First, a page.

# Winsystem/One: Get Ready To Plan!

Winsystem/One is not designed to be an income-producing system.

It is intended for groups and individuals who wish to keep their

hopes alive for the big win and play over the long term

essentially at no cost.

Before you begin to play using Winsystem/One you must compose a

table similar to the one below for your favorite lottery. You

must also determine whether you can bet as many tickets as you

like on a single combination of numbers. This formula will not

work in lotteries where you cannot choose the numbers you wish

to play.

Here's How to Make Your Own Table:

Under "Your Bet" for play 1, put the lowest amount you can bet

(usually $1.)

Under "Total Bet" place the total amount you have bet on that

series of plays (for play 1, the cost of 1 bet: for play 2, the

cost of 2 bets, etc.)

Under "Total Win", place the amount you would win in that play

if you won. Find this out by multiplying your bet by the payout

(A $5 bet with 6:1 payout gives a $30 total win.)

Under "Net Profit" place the amount you would receive in profit

if you won on that play. Find this out by subtracting "Total

Bet" from "Total Win". If "Total Bet" is larger than "Total

Win", you must increase the bet until "Total Win" exceeds "Total

Bet".

A Sample Table:

Here is how we get our results for one week's work of draws

based on a $1 minimum bet and a $10 minimum win.

Bet No. Your Bet Total Bet Total Win Net Profit

1 $ 1 $ 1 $ 10 $ 9

2 $ 1 $ 2 $ 10 $ 8

3 $ 1 $ 3 $ 10 $ 7

9 $ 1 $ 9 $ 10 $ 1

10 $ 2 $ 11 $ 20 $ 9

11 $ 2 $ 13 $ 20 $ 7

12 $ 2 $ 15 $ 20 $ 5

13 $ 2 $ 17 $ 20 $ 3

14 $ 2 $ 19 $ 20 $ 1

15 $ 3 $ 22 $ 30 $ 8

16 $ 3 $ 25 $ 30 $ 5

17 $ 3 $ 28 $ 30 $ 6

18 $ 4 $ 32 $ 40 $ 8

19 $ 4 $ 36 $ 40 $ 4

20 $ 5 $ 41 $ 50 $ 9

33 $18 $177 $180 $ 3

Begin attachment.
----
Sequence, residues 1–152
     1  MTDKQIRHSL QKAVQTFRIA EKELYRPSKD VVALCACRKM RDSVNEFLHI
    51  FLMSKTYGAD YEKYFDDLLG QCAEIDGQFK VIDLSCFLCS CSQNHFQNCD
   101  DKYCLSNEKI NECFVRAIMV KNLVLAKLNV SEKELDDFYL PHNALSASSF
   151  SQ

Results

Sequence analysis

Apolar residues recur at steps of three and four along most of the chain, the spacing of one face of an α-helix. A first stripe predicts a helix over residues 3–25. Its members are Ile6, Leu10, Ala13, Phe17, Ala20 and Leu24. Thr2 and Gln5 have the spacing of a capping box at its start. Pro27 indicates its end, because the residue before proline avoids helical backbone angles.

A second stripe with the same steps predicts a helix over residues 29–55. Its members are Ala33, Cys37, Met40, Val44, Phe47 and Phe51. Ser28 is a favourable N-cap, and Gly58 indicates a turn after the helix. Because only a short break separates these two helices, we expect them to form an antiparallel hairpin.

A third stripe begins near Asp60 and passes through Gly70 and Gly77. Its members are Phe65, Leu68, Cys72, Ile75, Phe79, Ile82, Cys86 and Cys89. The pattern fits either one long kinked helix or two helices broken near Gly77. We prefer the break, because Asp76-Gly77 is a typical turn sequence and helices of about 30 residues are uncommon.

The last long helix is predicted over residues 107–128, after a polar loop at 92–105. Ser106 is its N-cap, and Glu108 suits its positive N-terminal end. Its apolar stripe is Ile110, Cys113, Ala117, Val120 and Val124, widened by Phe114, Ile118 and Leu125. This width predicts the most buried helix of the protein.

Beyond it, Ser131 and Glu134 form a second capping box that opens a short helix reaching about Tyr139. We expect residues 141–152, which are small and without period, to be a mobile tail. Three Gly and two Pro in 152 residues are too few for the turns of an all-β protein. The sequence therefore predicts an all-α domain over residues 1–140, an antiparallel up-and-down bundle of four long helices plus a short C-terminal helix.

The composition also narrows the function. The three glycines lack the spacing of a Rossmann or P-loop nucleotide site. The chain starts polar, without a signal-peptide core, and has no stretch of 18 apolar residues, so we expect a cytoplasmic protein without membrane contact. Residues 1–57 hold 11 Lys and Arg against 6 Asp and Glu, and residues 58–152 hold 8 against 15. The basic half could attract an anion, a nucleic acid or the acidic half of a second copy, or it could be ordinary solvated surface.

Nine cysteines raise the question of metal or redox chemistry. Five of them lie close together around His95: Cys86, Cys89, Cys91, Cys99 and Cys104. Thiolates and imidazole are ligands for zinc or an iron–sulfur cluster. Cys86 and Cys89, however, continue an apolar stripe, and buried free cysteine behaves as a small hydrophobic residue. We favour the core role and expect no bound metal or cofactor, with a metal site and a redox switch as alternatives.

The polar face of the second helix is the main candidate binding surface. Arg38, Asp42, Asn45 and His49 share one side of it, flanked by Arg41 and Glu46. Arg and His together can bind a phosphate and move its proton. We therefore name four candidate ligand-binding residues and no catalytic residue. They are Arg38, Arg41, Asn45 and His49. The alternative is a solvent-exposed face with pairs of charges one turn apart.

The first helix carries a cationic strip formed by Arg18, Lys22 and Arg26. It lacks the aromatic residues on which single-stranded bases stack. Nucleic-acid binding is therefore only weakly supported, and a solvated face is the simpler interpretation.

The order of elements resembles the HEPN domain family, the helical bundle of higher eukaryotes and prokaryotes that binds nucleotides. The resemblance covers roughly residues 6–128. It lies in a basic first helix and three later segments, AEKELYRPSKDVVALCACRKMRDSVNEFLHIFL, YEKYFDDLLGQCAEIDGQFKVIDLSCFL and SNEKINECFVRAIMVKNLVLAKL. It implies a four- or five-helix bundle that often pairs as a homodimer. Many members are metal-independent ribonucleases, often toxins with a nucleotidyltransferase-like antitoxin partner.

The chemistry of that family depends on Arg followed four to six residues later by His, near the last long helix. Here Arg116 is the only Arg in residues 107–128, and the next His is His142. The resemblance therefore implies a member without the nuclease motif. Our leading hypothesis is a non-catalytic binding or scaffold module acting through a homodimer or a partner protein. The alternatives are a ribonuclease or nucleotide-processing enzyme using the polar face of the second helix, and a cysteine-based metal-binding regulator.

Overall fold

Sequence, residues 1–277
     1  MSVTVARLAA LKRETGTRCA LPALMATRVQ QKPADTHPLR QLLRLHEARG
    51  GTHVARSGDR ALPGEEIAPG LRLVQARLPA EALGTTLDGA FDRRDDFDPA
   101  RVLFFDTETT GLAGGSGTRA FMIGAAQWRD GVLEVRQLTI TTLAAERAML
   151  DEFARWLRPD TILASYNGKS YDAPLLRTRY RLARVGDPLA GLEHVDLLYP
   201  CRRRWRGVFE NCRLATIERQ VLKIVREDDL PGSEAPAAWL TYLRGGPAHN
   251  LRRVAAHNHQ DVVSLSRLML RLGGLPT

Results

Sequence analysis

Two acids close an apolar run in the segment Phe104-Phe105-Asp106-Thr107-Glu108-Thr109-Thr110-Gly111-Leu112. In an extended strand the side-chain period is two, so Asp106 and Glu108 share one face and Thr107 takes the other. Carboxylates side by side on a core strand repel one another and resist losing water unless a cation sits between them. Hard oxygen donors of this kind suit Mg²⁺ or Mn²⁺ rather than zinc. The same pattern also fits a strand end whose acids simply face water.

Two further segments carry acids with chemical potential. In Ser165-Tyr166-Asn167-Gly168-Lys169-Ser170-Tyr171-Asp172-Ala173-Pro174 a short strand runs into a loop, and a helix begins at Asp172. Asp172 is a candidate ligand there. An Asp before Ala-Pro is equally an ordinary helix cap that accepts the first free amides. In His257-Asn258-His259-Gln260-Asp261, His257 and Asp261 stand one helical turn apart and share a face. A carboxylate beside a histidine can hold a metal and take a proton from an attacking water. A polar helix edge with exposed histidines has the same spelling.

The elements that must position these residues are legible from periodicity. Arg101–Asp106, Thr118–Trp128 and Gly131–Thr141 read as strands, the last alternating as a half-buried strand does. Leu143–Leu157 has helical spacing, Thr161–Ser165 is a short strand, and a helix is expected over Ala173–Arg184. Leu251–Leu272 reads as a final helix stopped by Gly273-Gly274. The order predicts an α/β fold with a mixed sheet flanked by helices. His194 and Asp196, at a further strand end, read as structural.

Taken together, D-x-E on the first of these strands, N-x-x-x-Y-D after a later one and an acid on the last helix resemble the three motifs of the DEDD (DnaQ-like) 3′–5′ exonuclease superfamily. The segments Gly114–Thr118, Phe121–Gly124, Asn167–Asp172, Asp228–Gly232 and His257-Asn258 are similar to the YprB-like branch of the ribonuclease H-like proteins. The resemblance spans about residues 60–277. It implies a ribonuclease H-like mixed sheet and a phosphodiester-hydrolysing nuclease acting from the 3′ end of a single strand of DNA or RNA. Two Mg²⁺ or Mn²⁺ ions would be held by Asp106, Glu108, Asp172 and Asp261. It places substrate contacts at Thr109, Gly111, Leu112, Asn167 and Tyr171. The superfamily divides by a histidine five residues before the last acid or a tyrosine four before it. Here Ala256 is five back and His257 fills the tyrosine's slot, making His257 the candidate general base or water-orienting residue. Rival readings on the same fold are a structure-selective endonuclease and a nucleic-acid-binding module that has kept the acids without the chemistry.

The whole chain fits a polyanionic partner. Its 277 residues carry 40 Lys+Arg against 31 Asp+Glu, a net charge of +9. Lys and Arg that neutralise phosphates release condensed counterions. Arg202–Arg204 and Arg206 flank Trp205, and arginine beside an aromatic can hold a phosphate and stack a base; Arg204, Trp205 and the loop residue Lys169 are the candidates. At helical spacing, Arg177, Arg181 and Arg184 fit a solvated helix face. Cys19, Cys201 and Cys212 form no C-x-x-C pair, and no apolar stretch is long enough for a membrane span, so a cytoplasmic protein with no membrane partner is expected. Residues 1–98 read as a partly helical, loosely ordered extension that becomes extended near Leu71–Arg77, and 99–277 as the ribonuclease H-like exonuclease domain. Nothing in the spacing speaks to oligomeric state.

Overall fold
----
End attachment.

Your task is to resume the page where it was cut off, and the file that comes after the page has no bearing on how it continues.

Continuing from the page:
34 $20 $197 $200 $ 3

35 $22 $219 $220 $ 1

36 $25 $244 $250 $ 6

WHY THIS SYSTEM WORKS

Winsystem/One works to make you a profit on your lottery dollar

by insuring that no matter how much you have bet previously when

using the formula, you can always make a small profit every time

you win.

Winsystem/One is not designed to be an income-producing system.

It is, rather, intended to allow you to keep your hopes alive

for the big prizes without actually costing you money

out-of-pocket to play regularly.

We do not advise use of this system in lotteries offering

greater than 70 to 1 odds against winning the smallest prize.

You can find out the odds against the minimum prize (usually $5

or $10) from your regular lottery dealer. All state-run

lotteries are required to furnish complete odds on demand. Your

dealer can also tell you whether you can purchase large blocks

of tickets on single combinations of numbers.

FOLLOW OUR COMPLETE FORMULA AND YOU ARE ASSURED A PROFIT.

HOW TO PLAY THIS SYSTEM FOR PROFIT

Always start with a single ticket (usually $1) on every sequence

of bets.

Bet the required amount as shown by the table you composed for

your own lottery - no more and no less.

Increase your bet as required by your table. If you cannot

afford to bet the full amount, do not place the bet until you

can.

Always bet the full amount shown on the table for that draw on a

single combination of numbers. You need not bet the same set

of number on every draw, but do not divide your bet among two or

more sets of numbers. You will increase your odds of winning,

but reduce your chances of making a profit.

Every time you win, regardless of the total, return to the top

of the table and start over again on a single ticket.

WARNING:

In order to be guaranteed a profit using WinSystem, you must

follow the formula until you have a win. Each time you win you

are guaranteed a profit.

If for any reason you are unable to continue using the system

you are advised for your own safety, that the farther you

advance through the formula without a win, the more you will

ultimately lose if at any time you quit playing.